Crossword clues for sputnik
- Orbiter in 1957 news
- Launch of October 4, 1957
- Launch of 1957
- It means "traveling companion" in Russian
- Image on a 1957 Soviet stamp
- First Soviet satellite
- First satellite
- First man-made space satellite
- First man-made satellite to orbit the earth
- First man-made satellite
- First launch in the space race
- First artificial satellite
- First artificial earth satellite
- Early space traveler
- Big launch of 1957
- Literally, "traveling companion"
- Newsmaker of October 4, 1957
- Subject of the 2001 book subtitled "The Shock of the Century"
- Subject of the book "Red Moon Rising"
- Traveler in 1957 news
- News sensation of 10/4/1957
- A Russian artificial satellite
- Startling newsmaker of 10/4/1957
- Early satellite
- Soviet satellite, launched 1957
- Skin put around early satellite
- Russian satellite
- Satellite launched 10/4/57
- UK pints (anag)
- Soviet space orbiter
Douglas Harper's Etymology Dictionary
"artificial satellite," extended from the name of the one launched by the Soviet Union Oct. 4, 1957, from Russian sputnik "satellite," literally "traveling companion" (in this use short for sputnik zemlyi, "traveling companion of the Earth") from Old Church Slavonic supotiniku, from Russian so-, s- "with, together" + put' "path, way," from Old Church Slavonic poti, from PIE *pent- "to tread, go" (see find (v.)) + agent suffix -nik.\n
\nThe electrifying impact of the launch on the West can be gauged by the number of new formations in -nik around this time (the suffix had been present in a Yiddish context for at least a decade before); Laika, the stray dog launched aboard Sputnik 2 (Nov. 2, 1957), which was dubbed muttnik in the "Detroit Free Press," etc. The rival U.S. satellite which failed to reach orbit in 1957 (because the Vanguard rocket blew up on the launch pad) derided as a kaputnik (in the "Daytona Beach Morning Journal"), a dudnik ("Christian Science Monitor"), a flopnik ("Youngstown Vindicator," "New York Times"), a pffftnik ("National Review"), and a stayputnik ("Vancouver Sun").
n. 1 (label en historical) Any of a series of Soviet unmanned space satellites, especially the first one in 1957. 2 (label en dated) Any artificial satellite.
n. a Russian artificial satellite; "Sputnik was the first man-made satellite to orbit the earth"
Sputnik or MDR Sputnik is a youth-oriented German radio station, and is part of Leipzig-based public broadcaster MDR with its seat in Halle. The station, which plays primarily the typical variety of pop and rock music, is the successor to the East German youth station DT64, founded in 1964. It was given its present name on May 1, 1993, following German reunification in 1990; the new name, inspired by the Soviet Sputnik satellite, was the suggestion of Saxon prime minister Kurt Biedenkopf.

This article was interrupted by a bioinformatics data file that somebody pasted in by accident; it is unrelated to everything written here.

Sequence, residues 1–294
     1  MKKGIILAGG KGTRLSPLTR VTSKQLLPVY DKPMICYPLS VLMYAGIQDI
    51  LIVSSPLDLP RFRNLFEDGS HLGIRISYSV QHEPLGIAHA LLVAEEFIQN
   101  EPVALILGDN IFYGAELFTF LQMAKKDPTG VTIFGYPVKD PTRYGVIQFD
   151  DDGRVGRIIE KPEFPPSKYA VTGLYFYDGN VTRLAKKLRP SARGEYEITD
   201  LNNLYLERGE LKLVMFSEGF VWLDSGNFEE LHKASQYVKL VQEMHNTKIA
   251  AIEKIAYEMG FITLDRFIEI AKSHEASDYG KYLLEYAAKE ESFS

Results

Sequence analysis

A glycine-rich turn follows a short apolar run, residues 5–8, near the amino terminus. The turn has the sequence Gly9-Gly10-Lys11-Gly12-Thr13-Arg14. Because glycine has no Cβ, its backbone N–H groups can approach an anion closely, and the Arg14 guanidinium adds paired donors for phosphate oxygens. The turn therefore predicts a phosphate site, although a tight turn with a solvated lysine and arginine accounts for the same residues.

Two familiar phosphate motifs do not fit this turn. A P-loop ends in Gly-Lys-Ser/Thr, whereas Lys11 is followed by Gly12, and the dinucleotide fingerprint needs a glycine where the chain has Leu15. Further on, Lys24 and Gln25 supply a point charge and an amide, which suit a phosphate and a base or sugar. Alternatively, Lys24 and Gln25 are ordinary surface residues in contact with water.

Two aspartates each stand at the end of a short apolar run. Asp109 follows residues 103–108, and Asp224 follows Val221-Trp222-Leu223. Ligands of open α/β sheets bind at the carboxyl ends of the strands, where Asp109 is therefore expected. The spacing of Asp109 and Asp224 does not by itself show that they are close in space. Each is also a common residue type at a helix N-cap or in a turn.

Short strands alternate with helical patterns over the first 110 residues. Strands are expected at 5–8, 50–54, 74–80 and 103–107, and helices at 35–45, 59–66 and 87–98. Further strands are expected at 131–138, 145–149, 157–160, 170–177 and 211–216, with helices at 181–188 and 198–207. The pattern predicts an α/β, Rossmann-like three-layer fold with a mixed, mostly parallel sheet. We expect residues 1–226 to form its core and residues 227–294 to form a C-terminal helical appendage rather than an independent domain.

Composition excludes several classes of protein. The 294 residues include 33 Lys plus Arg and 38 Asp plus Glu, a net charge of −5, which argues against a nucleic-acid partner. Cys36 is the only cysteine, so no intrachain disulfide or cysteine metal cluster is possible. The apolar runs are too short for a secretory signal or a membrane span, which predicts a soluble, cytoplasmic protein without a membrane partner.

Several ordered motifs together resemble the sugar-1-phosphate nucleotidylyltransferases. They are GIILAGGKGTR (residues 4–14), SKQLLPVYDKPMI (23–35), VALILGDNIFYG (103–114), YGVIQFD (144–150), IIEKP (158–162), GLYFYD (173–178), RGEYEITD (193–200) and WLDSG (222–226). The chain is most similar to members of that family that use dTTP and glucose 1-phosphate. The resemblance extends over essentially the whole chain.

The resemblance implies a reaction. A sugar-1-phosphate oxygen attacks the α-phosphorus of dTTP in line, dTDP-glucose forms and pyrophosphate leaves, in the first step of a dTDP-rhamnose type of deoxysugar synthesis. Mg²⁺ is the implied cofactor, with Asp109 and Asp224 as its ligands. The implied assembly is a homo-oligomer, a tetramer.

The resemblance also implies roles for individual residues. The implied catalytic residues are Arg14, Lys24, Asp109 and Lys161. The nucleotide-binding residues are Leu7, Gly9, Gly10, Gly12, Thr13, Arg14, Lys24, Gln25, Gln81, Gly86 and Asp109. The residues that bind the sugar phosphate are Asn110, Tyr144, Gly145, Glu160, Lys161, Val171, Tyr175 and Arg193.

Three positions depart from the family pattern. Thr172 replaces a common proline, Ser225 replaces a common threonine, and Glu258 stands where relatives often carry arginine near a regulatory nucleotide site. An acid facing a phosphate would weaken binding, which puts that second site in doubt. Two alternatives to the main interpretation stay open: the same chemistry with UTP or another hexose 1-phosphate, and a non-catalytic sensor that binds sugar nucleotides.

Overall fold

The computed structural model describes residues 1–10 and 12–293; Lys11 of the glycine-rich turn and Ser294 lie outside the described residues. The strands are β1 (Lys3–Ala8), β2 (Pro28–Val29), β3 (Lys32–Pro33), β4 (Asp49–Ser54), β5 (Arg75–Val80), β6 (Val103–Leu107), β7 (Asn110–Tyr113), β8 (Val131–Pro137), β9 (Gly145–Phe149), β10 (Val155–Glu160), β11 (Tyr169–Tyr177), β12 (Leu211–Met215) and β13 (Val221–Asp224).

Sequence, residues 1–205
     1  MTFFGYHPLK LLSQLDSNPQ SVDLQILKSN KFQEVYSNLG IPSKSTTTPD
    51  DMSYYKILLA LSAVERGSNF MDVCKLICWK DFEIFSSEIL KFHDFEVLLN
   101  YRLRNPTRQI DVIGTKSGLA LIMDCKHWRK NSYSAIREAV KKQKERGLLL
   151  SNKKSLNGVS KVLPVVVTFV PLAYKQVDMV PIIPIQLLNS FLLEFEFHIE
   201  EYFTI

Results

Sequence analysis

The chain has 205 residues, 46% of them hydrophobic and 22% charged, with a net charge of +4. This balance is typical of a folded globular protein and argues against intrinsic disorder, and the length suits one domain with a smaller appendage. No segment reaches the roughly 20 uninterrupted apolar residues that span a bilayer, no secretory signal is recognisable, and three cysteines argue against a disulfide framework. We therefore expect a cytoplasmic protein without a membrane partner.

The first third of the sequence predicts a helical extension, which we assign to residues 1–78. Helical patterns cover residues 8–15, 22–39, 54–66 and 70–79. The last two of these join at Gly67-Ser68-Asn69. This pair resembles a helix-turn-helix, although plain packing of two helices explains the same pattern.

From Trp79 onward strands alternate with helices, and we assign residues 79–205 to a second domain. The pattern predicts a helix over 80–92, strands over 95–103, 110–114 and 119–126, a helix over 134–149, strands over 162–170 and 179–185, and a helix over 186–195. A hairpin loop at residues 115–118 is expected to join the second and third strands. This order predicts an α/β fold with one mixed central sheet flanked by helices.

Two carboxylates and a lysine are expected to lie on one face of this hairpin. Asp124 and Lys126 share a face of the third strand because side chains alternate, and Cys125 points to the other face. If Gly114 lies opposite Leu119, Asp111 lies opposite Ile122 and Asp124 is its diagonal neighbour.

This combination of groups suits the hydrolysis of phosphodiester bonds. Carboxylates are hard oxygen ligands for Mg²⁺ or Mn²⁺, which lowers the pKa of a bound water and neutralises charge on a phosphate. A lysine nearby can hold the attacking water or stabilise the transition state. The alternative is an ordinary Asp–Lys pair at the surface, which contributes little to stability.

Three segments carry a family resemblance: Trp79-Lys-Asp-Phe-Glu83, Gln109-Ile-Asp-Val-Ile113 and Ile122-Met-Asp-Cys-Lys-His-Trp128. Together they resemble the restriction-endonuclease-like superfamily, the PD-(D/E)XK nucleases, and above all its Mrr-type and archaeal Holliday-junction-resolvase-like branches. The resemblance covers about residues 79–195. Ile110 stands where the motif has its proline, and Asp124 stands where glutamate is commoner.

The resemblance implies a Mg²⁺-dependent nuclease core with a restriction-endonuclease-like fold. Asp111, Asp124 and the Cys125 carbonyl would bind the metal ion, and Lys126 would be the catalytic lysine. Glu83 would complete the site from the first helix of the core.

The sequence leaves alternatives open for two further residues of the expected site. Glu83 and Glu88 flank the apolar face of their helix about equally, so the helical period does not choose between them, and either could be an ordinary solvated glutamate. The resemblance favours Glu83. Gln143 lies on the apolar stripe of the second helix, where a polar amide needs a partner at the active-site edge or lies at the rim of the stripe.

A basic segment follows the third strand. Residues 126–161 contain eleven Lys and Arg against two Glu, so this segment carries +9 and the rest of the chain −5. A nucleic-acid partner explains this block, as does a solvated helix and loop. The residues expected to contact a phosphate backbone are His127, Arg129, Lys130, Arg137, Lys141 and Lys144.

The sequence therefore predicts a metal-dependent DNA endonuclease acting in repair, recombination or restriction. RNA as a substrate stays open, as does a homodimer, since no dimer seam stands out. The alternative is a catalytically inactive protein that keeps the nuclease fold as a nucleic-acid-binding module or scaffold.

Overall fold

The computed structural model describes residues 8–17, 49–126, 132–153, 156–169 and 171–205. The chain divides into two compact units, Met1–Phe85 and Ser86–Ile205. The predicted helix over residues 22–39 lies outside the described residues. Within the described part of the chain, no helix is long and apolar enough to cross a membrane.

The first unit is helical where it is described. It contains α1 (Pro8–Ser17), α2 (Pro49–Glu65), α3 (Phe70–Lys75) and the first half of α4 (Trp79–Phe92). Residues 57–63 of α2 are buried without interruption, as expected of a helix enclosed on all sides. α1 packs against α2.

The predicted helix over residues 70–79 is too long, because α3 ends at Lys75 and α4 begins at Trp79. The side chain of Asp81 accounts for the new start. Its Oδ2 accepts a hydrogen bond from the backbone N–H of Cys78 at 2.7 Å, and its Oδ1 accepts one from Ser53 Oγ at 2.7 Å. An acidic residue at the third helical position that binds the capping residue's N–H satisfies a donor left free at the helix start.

While DT64 was broadcast throughout East Germany, Sputnik is available on FM only in one of the five federal states which replaced the GDR and thus only in one of the three federal states that belong to MDR coverage area ( Saxony-Anhalt); it is available throughout Europe via the Astra satellite on 19.2° east in DVB-S standard as well as in most German cable networks on DVB-C and in the MDR area ( Saxony, Saxony-Anhalt, Thuringia) via FM in most of the cable networks and via DAB+.
DT64 lost all FM frequencies in the first half of 1992. In four new federal states these frequencies were given to private radio stations, in Berlin and Brandenburg a new public youth radio station (Rock Radio B, later Fritz) started on the frequencies DT64 used until this time. DT64 had to switch to AM in summer 1992, AM transmission lasted for one year. During this time the station got its new name, MDR Sputnik. Between 1993 and 1997 MDR Sputnik was available only via Astra satellite analog audio subcarriers and a special German digital Radio System DSR, receivable via Cable and satellite. In 1997 the FM coverage in Saxony-Anhalt was built up. During this time the program lost most of the journalistic content, most of the word content disappeared. At the end of this process there was nothing that could one remind of DT64.
After a relaunch as high quality youth program under the new station manager Eric Markuse in December 2006 English news was broadcast the whole afternoon, between 1.30 P.M. and 6.30 P.M. and Sputnik got back a great variety of journalistic content as well as a well diversified music program with a significant amount of independent music.
In summer 2010 the MDR cut the budget again, English news and most of the journalistic content ceased, the station manager Eric Markuse left MDR Sputnik. Today (2014) Sputnik is a standard music program again.
Sputnik also operates an internet radio station, Sputnik.de, which has channels for Electronic Music, melancholic music, R&B, dance, rock music, and a stream broadcasting the alternative evening programme Popkult the whole day.
Sputnik is a fictional character in the Marvel Universe.
Sputnik is a web search engine owned by the Russian state-owned telecommunications company Rostelecom. It markets itself as an engine geared towards "local services". At the end of the week of the launch, it was responsible for 0.01% of the search engine traffic in Russia, compared with 62% for Yandex and 28% for Google.